Monday, June 19, 2006

The Body Snatcher

Directed by
Robert Wise
Written by Philip MacDonald and Carlos Keith (Val Lewton) from a story by Robert Louis Stevenson
Starring Boris Karloff, Bela Lugosi, Henry Daniell
IMDB Entry

In the debate over who is better, it's not popular to prefer Boris Karloff over Bela Lugosi.  I'm in the minority:  I think Karloff was the better and more interesting actor; Lugosi, even in his best roles, was not up to the same level.  Maybe it was his accent, but I don't find him particularly sinister (or even erotic) inDracula. On the other hand, Karloff was superb as Frankenstein's monster and managed to keep up the good performances for much of his career (I'm particularly fond of his appearance -- in drag -- in The Girl From U.N.C.L.E.).

Lugosi's talent was wasted due to his drug addictions, and that's one reason for his popularity -- it's a much better story than Karloff's more sedate life (and, of course, the Ed Wood connection is fun).  I recognize him as an icon, but, though he did made a few good movies (including films with Karloff, notably The Black Cat and Son of Frankenstein), he was never more than a competent character actor, and just not in Karloff's class.

The Body Snatchers was Karloff's moment. It was an Oscar-worthy performance as John Gray, the character who gives the movie its name. Gray supplies corpses for Henry Daniell's medical school.  Of course, Gray does not just snatch corpses from graves; he will go out and find people and turn them into corpses. (BTW, this was a real issue in 18th and 19th century medical schools:  the book The Italian Boy gives an account of the time, when medical schools kept wicker hampers outside their gates for the convenience of body snatchers.)  Karloff dominates every scene he's in, smiling and gently sinister.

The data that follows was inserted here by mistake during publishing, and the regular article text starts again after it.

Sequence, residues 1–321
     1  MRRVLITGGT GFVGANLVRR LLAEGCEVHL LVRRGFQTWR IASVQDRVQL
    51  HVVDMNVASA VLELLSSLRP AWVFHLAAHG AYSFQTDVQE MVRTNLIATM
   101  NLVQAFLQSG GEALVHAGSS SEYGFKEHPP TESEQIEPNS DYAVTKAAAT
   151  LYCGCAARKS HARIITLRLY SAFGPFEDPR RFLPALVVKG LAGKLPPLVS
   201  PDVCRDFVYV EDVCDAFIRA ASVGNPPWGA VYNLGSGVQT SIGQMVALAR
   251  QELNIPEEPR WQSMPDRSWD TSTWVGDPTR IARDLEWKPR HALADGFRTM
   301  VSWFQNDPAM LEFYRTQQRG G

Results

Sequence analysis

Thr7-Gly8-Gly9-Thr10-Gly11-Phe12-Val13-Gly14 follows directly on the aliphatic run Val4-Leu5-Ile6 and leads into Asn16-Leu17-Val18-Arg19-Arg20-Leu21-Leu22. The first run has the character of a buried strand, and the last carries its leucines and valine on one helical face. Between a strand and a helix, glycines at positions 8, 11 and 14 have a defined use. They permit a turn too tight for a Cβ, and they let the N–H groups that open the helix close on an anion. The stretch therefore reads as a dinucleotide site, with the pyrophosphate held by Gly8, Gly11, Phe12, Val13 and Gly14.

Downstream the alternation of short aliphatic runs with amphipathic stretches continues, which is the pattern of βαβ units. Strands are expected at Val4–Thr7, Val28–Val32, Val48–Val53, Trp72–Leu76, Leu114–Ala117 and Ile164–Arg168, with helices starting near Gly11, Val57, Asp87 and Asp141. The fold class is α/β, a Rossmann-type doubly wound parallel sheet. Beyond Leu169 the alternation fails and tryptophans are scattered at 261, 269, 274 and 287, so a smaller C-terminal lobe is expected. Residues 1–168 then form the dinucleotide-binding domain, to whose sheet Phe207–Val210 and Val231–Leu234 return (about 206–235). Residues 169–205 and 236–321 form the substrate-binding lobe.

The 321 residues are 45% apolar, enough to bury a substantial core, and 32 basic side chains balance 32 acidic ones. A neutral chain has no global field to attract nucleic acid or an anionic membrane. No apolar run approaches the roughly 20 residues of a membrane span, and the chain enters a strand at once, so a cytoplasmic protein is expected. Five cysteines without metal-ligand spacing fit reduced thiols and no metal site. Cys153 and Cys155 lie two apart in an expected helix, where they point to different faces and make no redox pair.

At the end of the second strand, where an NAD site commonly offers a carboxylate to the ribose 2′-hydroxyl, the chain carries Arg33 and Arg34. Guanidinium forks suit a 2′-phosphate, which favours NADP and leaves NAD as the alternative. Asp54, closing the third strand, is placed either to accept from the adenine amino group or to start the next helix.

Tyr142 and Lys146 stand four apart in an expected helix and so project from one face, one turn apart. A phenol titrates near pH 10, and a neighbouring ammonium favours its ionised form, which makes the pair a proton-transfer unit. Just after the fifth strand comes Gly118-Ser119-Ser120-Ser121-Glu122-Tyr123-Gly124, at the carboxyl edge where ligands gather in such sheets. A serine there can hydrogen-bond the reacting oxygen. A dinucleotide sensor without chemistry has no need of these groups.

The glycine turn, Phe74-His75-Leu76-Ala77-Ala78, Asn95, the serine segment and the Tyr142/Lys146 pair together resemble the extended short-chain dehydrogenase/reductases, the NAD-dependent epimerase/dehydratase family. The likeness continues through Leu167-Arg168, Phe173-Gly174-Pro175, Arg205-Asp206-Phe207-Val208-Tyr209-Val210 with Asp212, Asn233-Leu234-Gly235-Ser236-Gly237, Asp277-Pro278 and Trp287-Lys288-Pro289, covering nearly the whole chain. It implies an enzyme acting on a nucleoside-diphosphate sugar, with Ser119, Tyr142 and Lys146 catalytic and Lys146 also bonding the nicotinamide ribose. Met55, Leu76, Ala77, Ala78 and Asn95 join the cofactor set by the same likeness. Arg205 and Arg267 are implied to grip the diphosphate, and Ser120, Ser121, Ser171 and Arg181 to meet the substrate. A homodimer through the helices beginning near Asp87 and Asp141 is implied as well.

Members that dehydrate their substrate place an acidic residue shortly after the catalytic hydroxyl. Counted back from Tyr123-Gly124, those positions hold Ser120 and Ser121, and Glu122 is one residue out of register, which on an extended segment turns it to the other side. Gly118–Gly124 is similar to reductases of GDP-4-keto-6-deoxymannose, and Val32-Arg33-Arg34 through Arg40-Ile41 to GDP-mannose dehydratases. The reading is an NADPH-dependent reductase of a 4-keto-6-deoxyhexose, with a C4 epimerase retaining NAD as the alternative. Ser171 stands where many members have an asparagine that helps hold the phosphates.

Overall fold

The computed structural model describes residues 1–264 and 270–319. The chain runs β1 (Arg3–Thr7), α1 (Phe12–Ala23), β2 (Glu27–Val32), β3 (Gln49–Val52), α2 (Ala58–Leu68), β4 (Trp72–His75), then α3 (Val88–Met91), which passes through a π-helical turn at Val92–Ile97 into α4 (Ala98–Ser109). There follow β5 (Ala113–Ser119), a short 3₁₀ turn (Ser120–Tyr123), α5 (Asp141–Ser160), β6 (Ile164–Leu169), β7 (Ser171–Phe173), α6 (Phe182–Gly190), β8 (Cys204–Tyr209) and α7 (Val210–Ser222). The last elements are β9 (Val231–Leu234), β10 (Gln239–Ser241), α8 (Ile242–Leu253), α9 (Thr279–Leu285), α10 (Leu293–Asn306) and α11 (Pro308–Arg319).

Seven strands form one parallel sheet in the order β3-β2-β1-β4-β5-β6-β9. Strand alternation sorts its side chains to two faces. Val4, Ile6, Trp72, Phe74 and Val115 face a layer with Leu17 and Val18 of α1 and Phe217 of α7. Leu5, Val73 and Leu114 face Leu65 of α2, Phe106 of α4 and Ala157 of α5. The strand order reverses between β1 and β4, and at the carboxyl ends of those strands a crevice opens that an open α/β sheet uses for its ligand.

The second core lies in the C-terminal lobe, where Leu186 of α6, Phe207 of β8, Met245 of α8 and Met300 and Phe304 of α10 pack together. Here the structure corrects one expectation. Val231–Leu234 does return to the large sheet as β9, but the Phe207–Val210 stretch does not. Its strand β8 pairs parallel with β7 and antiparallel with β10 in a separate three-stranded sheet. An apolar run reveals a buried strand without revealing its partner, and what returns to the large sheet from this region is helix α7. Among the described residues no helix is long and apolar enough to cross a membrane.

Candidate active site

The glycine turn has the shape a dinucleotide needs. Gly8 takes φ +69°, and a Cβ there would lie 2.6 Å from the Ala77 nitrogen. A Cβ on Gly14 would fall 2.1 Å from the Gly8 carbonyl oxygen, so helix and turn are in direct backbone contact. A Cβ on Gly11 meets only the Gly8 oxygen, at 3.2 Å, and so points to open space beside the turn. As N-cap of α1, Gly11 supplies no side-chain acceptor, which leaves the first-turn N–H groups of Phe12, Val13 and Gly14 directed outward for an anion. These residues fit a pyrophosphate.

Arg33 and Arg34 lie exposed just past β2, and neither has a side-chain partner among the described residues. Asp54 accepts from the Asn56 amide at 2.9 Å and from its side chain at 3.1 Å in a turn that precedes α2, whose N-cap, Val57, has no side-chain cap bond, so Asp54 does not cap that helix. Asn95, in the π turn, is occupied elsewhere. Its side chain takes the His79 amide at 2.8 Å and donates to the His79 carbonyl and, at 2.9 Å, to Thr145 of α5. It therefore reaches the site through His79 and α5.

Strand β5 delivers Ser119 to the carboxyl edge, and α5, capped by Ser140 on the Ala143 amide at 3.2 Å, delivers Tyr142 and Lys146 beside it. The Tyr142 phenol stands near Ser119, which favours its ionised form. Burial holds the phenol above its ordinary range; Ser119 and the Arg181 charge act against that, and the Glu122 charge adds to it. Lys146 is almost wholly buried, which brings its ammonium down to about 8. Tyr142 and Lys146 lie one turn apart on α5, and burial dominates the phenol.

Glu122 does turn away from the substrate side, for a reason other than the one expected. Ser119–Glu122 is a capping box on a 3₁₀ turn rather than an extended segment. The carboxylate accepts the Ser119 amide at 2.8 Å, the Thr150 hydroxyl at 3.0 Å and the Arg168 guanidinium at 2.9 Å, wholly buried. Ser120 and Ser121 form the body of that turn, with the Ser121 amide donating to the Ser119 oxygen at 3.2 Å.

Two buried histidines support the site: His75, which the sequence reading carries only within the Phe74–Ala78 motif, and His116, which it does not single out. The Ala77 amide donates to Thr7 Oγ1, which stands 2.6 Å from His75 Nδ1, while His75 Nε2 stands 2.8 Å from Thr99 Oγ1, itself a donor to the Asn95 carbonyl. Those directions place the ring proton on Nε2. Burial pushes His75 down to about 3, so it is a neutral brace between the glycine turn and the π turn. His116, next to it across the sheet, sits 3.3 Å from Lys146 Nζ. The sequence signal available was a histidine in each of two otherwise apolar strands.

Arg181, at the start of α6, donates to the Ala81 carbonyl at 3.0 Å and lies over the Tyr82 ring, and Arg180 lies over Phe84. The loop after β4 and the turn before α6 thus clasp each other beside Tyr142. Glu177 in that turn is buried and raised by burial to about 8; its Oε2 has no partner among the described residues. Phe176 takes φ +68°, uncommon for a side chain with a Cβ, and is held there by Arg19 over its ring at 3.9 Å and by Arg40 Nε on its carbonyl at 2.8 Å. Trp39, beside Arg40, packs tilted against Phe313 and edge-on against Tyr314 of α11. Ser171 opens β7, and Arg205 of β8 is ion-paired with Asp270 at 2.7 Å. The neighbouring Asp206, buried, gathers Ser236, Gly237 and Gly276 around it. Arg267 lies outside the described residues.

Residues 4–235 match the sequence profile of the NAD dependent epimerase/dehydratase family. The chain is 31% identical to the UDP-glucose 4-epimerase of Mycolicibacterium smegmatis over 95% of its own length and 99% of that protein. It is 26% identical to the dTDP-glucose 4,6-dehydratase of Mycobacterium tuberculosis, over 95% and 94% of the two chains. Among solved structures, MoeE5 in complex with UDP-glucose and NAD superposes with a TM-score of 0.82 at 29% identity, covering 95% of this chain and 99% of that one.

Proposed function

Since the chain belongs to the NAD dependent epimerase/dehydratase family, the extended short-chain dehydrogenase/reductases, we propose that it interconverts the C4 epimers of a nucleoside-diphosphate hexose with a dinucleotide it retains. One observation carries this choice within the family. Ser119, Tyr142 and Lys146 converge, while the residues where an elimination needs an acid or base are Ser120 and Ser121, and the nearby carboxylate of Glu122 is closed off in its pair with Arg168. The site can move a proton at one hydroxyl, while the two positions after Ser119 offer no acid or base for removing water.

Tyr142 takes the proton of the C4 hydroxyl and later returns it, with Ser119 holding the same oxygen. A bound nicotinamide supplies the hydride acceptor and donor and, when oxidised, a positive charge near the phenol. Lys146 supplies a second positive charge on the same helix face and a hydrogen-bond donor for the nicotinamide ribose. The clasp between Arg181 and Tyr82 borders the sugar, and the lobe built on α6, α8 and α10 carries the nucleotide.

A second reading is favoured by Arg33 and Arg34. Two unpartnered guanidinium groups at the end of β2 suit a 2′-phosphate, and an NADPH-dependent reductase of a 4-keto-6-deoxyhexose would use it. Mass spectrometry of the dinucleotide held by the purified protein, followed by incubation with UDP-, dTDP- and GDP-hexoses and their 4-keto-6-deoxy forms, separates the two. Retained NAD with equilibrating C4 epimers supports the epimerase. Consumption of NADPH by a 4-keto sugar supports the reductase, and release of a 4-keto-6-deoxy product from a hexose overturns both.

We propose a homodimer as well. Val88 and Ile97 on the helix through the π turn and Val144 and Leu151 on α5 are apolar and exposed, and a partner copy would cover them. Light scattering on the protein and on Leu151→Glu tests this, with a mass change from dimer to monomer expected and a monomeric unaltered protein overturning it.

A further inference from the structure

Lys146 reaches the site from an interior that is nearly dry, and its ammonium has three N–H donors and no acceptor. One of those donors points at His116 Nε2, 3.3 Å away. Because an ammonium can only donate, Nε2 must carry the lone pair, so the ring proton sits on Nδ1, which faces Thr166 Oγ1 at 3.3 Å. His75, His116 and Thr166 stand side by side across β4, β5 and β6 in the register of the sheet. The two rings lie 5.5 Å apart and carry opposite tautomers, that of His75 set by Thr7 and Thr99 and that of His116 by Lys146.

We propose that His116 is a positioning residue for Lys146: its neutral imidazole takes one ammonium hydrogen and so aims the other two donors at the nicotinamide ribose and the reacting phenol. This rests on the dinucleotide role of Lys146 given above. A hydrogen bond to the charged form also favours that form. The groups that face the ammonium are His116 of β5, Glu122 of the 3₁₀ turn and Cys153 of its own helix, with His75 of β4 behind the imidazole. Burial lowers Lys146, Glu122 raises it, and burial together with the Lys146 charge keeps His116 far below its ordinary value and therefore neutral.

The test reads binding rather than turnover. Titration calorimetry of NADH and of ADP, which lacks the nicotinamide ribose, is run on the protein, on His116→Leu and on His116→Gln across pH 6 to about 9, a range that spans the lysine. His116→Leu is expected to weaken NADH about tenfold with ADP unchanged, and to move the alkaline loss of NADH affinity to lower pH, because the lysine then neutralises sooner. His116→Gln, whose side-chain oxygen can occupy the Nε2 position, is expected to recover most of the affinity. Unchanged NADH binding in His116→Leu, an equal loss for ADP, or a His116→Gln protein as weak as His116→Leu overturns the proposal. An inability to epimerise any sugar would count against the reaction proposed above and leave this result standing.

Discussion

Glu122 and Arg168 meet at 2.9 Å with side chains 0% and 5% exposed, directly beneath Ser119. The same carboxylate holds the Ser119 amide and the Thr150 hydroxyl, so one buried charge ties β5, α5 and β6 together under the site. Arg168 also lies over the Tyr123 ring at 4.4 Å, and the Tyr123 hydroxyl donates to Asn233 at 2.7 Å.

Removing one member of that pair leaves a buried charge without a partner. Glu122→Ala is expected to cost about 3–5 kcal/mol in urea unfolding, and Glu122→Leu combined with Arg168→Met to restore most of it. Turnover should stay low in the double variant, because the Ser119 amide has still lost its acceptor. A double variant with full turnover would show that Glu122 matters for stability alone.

Lugosi has one of his last good roles as Joseph, a worker at the medical school man, who foolishly tries to blackmail Gray, with predictable results.  Lugosi does a nice job of portraying the poor man, but it's all Karloff's film.

One nice touch of the film is that Karloff's Gray is not entirely evil; and Daniell is not entirely good.  Both have both good and evil sides, but Karloff is much more aware of the dichotomy that the doctor is.

One nice bit of history is that this was directed by Robert Wise, who went on to direct an even greater horror:  The Sound of Music.

This is a nice, atmospheric horror film (the final scene in the carriage is quite powerful) with some great performances.  Overlooking Karloff is one of the MPAA's biggest Oscar omission.

Saturday, June 10, 2006

Cry Uncle

Cry Uncle!(1971)

Directed by John G. Avildsen
Written by David Odell from a novel by Michael Brett; Additional dialog by Alvildsen and Garfield.
Starring Alan Garfield, Madelyn Le Roux
IMDB  Entry
When the MPAA rating system when first implemented, some directors decided to make the most of their new freedom with sexual matters.  The X rating was not solely for porn (as it soon became), a handful tried to make good movies that were still more explicit than the R, seeing how far they could push the envelope.  Cry Uncle tore up the envelope and stomped on the pieces.  Even today, it is still probably the raunchiest film put out by a major studio.
Director John G. Avildson made a career to turning actors into stars.  His first major film, Joe, brought Peter Boyle and Susan Sarandon to the attention of the movie-going public. His best-known film is Rocky, which made another unknown actor into a star.  Jack Lemmon, though established, won an Oscar in Avildson's Save the Tiger (seven actors got Oscar nominations for their work in Avildson's films) and The Karate Kid promoted Ralph Macchio and Pat Morita to movie presences.